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Jim Thompson[_3_] Jim Thompson[_3_] is offline
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Default "Random" Circuit Needed.

On Sun, 26 Apr 2015 17:32:28 -0500, John Fields

On Sun, 26 Apr 2015 09:32:28 -0400, rickman

On 4/25/2015 6:03 PM, John Fields wrote:
On Sat, 25 Apr 2015 15:49:45 -0400, rickman

On 4/23/2015 8:44 PM, John Fields wrote:
On Wed, 22 Apr 2015 13:42:23 -0400, rickman

On 4/19/2015 3:15 AM, John Fields wrote:
On 19 Apr 2015 03:14:30 GMT, Jasen Betts wrote:

On 2015-04-18, David Eather wrote:
On Thu, 02 Apr 2015 20:42:50 +1000, Jasen Betts wrote:

I was wondering about that myself... I'll see if there's a cure.

r=(75*r+74)%65537 visits 0-65535 with no gaps.

not that i'd want to build it using 74LS logic.

That is an absolute turd. It screws up if the cycle tries to repeat more
than once - it not longer visits 0 - 65535 without gaps (it outputs a
665536 which needs 17 bits) and will miss a 16 bit number every cycle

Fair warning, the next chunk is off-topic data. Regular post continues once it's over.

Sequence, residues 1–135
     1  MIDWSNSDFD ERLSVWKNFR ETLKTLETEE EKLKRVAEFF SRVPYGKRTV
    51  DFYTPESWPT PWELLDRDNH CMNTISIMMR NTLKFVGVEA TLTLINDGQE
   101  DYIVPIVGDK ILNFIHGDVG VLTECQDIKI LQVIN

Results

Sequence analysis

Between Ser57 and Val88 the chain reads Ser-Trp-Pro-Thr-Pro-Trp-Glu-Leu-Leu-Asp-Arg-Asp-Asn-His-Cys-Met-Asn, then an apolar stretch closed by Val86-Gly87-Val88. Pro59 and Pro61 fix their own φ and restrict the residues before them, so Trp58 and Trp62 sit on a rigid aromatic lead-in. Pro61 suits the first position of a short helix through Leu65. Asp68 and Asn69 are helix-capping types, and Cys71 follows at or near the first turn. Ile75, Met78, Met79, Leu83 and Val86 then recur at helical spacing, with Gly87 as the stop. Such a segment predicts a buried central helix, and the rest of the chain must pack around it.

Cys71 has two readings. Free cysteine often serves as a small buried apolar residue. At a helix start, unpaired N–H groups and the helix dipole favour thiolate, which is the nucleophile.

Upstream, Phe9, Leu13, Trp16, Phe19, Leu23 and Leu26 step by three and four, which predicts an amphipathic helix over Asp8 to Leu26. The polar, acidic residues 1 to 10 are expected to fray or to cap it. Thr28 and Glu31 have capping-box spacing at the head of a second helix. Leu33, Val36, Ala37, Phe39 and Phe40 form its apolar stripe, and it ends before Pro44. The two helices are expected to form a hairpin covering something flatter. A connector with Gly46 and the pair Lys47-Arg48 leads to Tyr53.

after the first, OR if the 17-th bit is ignored it will produce an excess
number of zeros.

No, that is absolute bull****.

it's this:

except offset by -1 so that the Lehmer zero state (which is
disallowed) is excluded and the maximal state fits in 16 bits.

If the all-zeroes state is disallowed, then there'll always be a
bias on the output.

The circuit I posted includes the all-zeroes state and, in fact, all
of its dflops are/can be cleared in order to initialize it.

I'm not sure what you are going on about. Jasen's circuit does visit
every value from 0 to 65535 and does not visit 65536. In fact, if you
set it to 65536 it remains locked in that state. I think your analysis
is faulty... or mine is. I coded it up in a spread sheet and don't see
any problems with it.

Code is often beguiling, hardware is not.

For a 16 bit PRSG, setting it to 65536 is the same as setting it to
all zeroes, and unless there's feedback provided to lift it out of
lockup, that's where it'll stay.

You seem to have run off into the weeds on this one.

Perhaps, but first of all, there's this:

65535 1111 1111 1111 1111

So it should be apparent that it's impossible to set, or count to
decimal 65536 using a 16 bit register.

One extra count, to 65536, will result in the counter overflowing,
the MSB dropping into the bit bucket, and the counter's output
looking like this:

65536 0000 0000 0000 0000

Get it?

Like I said, off in the weeds.

Nice dodge.

John Fields

There is no value-added by trying to educate the effete.

...Jim Thompson
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